Jurgen Klinsmann hasn't delivered on his promises for the U.S. national team
Here's a fact about the United States men's national team that many people seem to overlook: It's far from a great squad in the grand scheme of international soccer. This isn't a shot meant to belittle Jurgen Klinsmann's group; it's simply the truth.
Pick a metric. The Americans are 31st in the latest FIFA ranking, sandwiched between the Czech Republic and Algeria. They sit 23rd in ESPN's Soccer Power Index; better, yes, but still behind six South American teams, 12 from Europe and, of course, Mexico. (Also: Algeria, Japan and Senegal for the completists out there.)
While the Americans are one of seven countries to qualify for every World Cup since 1990 -- Argentina, Brazil, Germany, Italy, South Korea and Spain are the others -- that's at least partially due to the relative ease of CONCACAF qualifying. There's no real reason to think that the U.S. should be able to stay with Argentina, an excellent team desperate to hoist a trophy led by the world's best player.
So when we talk about the Americans' performance at the Copa America Centenario, set aside Tuesday night's 4-0 shellacking in Houston, what's left? A first-place finish in a difficult Group A, a nice run to the semifinals and a feeling that there's hope for the future. The victory against Ecuador, the first knockout stage win in a major tournament since the 2009 Confederations Cup, was peak positivity, a moment when the promises of the Klinsmann era finally met, or at least approached, reality.
Except none of that is true.
Against Ecuador, the U.S. were out-possessed 58-42, 74-26 in the final third. They were out-passed 390-263. Offensive third touches were 248-86 in favor of Ecuador. One of the best attacking players, Fabian Johnson, was more or less minimized, with just 12 touches in the offensive third.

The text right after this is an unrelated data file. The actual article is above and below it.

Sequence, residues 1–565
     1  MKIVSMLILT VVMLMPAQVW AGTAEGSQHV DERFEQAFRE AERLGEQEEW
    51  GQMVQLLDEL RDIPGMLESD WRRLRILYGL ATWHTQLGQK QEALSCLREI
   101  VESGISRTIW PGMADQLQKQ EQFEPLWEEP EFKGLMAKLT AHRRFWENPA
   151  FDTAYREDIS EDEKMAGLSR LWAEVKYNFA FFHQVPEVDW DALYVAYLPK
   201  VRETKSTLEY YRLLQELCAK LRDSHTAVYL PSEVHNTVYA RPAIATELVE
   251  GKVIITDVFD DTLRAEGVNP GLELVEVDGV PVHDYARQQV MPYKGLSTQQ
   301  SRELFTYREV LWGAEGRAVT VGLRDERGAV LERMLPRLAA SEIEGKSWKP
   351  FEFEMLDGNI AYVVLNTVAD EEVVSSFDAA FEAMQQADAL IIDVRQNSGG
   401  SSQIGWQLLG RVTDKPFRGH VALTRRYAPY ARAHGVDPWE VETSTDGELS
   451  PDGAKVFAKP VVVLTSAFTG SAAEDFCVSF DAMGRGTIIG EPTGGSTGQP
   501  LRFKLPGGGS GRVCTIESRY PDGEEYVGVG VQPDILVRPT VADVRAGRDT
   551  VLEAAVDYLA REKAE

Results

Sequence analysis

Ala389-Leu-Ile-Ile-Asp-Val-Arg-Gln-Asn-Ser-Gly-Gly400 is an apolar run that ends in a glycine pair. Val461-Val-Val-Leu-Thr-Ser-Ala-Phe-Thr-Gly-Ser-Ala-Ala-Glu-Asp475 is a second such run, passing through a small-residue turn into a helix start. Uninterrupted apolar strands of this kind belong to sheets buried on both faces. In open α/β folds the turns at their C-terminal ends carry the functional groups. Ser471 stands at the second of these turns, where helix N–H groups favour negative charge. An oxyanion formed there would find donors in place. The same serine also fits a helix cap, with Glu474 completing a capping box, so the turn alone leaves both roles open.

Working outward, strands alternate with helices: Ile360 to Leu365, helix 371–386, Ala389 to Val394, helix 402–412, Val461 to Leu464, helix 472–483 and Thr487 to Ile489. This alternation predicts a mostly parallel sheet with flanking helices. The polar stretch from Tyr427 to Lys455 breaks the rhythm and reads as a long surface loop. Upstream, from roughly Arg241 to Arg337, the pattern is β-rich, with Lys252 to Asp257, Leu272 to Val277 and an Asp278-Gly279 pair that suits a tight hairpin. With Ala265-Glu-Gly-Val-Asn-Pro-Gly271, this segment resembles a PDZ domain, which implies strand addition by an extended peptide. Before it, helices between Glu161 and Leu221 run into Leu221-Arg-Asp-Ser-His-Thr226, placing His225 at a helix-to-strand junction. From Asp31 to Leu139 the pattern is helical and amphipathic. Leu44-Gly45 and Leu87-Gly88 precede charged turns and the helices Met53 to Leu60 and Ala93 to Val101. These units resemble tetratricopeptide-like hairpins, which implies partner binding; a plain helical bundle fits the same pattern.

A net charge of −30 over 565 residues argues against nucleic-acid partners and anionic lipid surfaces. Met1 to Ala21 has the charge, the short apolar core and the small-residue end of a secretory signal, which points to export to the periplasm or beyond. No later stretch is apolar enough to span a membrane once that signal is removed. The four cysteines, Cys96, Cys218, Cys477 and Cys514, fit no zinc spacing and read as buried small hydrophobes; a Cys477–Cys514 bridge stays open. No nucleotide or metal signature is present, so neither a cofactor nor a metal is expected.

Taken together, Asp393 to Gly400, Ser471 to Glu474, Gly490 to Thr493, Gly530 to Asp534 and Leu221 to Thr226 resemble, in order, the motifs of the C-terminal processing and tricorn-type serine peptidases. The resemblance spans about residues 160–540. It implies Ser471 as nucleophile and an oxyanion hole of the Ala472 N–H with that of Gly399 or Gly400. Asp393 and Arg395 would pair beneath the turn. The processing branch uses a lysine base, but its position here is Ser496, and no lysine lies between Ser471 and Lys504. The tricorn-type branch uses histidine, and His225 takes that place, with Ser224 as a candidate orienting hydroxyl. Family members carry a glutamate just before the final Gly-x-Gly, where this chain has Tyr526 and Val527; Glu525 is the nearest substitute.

Bobby Wood managed a game-low 33 total touches. The U.S. was about six inches from John Brooks tying the game on an own goal. A close corollary in style and substance is the win against Spain at the 2009 Confederations Cup, in which possession was 56-44 in favor of the European team. That's a game most fans remember as one in which the U.S. barely hung on.
Against Ecuador, the Americans did hang on. There's value in doing so because the result is the single-most important outcome of an individual soccer game. But Klinsmann and his team also talk about the process, the idea of slow improvement over time, the concept of making progress. We didn't see that much evidence at Copa America that the Stars and Stripes are making significant moves forward. They were middle of the pack in many stats, made to look better by a remarkably high (and totally unsustainable) 50 percent conversion rate in shots on goal.
In the first four games of Copa America, the Americans had just 43.4 percent of possession. The Colombia match was the only game they had more of the ball. The way the U.S. found success during the group stage and quarterfinal was through working harder than the other team, which had been missing from some Klinsmann teams during the past five years, but it's also not exactly a revelation. It's how the U.S. has always succeeded.